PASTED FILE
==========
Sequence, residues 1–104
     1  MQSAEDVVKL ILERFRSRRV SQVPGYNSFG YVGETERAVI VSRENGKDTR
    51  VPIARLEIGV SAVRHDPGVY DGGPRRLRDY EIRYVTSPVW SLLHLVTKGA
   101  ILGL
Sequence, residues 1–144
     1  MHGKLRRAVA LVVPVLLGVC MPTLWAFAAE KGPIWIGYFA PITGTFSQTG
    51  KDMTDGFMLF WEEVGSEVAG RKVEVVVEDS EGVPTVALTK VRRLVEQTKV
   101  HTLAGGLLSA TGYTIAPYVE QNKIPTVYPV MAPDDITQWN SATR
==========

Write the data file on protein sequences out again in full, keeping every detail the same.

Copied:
Sequence, residues 1–104
     1  MQSAEDVVKL ILERFRSRRV SQVPGYNSFG YVGETERAVI VSRENGKDTR
    51  VPIARLEIGV SAVRHDPGVY DGGPRRLRDY EIRYVTSPVW SLLHLVTKGA
   101  ILGL
Sequence, residues 1–144
     1  MHGKLRRAVA LVVPVLLGVC MPTLWAFAAE KGPIWIGYFA PITGTFSQTG
    51  KDMTDGFMLF WEEVGSEVAG RKVEVVVEDS EGVPTVALTK VRRLVEQTKV
   101  HTLAGGLLSA TGYTIAPYVE QNKIPTVYPV MAPDDITQWN SATR